With a very short introduction, Lex and Yacc are useful tools that you would use if you want to create a compiler, a transpiler or you just want to interpret a formal language.
YaccLexTools is focused on C#. Other tools are available for other programming languages like C/C++, F#, Java, etc.
YaccLexTools translantes Yacc and Lex files in C# code thanks to the tools GPPG and GPLEX and simplify the use of these tools in the C# projects building process.
Time to update
Some years have passed since I have created the YaccLexTools package aimed to simplify the use of Yacc and Lex files in C# projets. Everything is evolved since then and now we have a lot of .NET everywhere! And it's cross platform, too.
So, it's a long time that this upgrade was needed and now is the time. YaccLexTools is having its long awaited upgrade for finally working with .Net Core, .NET and cross platform along with the .NET Framework with the same easy and automated project setup. With this upgrade the package has been promoted to the version 1.0.0 and it is retro compatible with the projects that have used the old version 0.2.x since now.
When you upgrade the package from the Nuget Package Manager, it will try to automatically upgrade the project settings to the new build model so that everything will work fine as before with some fix and improvements.
For some reasons sometimes the update of the settings is not triggered. In these cases it is possible to upgrade the project settings from the Package Manager Console with this cmdlet
- The package works with .NET Framework 2.0+, .Net Core 3.1+, .NET 5+ and can be used on every platform supported by .NET.
- The new build system is based on separate packages that provide the MSBuild targets and tooling for compiling .y and .lex files respectively with the tools GPPG and GPLEX.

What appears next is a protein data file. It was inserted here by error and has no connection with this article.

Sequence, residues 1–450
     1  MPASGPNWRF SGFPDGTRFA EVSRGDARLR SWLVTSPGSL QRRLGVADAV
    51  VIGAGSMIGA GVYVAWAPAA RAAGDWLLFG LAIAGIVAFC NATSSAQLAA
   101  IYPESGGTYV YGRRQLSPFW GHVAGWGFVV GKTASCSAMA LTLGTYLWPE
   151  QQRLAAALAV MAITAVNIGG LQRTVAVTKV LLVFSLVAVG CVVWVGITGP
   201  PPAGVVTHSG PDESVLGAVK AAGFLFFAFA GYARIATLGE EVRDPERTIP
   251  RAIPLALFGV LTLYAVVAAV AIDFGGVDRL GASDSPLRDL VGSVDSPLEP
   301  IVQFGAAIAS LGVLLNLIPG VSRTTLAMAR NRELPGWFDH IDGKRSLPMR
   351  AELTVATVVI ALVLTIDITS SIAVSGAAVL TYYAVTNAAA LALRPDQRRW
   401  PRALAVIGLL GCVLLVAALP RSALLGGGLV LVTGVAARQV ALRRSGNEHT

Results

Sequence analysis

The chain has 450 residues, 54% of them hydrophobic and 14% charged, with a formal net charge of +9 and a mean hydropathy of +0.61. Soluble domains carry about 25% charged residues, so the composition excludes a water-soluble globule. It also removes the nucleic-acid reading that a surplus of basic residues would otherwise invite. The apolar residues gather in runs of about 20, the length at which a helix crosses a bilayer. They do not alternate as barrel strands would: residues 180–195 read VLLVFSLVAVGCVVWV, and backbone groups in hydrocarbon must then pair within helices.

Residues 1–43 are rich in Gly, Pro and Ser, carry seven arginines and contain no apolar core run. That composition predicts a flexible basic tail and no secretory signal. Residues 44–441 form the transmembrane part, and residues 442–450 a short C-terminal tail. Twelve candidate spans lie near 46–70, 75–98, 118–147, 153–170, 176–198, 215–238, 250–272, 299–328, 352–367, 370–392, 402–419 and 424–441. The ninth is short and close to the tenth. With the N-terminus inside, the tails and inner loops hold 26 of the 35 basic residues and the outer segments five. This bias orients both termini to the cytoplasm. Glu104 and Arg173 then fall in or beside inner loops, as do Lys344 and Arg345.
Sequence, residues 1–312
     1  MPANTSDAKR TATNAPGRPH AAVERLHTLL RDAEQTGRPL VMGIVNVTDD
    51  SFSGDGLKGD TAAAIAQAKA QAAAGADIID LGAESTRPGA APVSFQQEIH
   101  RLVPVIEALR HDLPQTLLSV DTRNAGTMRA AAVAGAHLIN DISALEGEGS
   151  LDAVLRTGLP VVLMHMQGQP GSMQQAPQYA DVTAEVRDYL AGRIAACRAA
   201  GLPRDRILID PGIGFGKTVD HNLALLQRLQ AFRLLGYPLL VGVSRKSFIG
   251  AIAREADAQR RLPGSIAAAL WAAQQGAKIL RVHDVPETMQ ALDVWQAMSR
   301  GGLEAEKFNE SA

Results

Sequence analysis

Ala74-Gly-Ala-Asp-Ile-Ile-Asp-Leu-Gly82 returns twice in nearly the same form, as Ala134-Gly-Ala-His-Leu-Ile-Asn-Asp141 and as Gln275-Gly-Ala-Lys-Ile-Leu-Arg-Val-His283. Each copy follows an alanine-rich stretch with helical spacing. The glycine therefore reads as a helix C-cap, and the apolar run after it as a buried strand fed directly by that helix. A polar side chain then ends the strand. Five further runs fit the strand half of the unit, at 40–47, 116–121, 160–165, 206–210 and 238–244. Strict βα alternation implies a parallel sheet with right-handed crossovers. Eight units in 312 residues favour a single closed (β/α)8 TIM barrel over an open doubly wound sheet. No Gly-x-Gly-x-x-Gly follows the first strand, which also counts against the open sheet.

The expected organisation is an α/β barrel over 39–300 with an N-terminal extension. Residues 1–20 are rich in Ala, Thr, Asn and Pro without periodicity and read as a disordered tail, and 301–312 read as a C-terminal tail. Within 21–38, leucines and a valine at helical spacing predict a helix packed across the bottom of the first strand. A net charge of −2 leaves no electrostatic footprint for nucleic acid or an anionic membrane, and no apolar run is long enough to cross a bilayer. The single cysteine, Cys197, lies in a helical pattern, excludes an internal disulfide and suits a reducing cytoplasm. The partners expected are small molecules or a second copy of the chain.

- Huge simplification of the project settings. No more
<Target>definitions and package specific settings and metadata.
- Common classes have been converted from
internalfor avoiding conflicts in case the project references more libraries and each of them have these classes defined.
- Files generated by GPPG and GPLEX will not include anymore sentitive data like the machine name and the username captured at the moment of the generation of files. There is no reason to publish these information in a public repository.
Powershell cmdlets (Windows only)
Cmdlets are still the same, but can be used only in Visual Studio for Windows. For adding a new parser the command is
PM> Add-Parser MyLanguage Sample.NameSpace
The Calculator example can be added as usual with
Obsolete cmdlets for removing parser settings have been removed because there are no more settings to remove :)
If you need to remove a parser, just remove the files from the Solution Explorer and it's done.
Since cmdlets are not working on macOS and Linux and they do not work with projects other than .NET Framework, it has been necessary to create a new tool that replaces the cmdlets, but has the same features. The tool is cross-platform and can be installed with the command below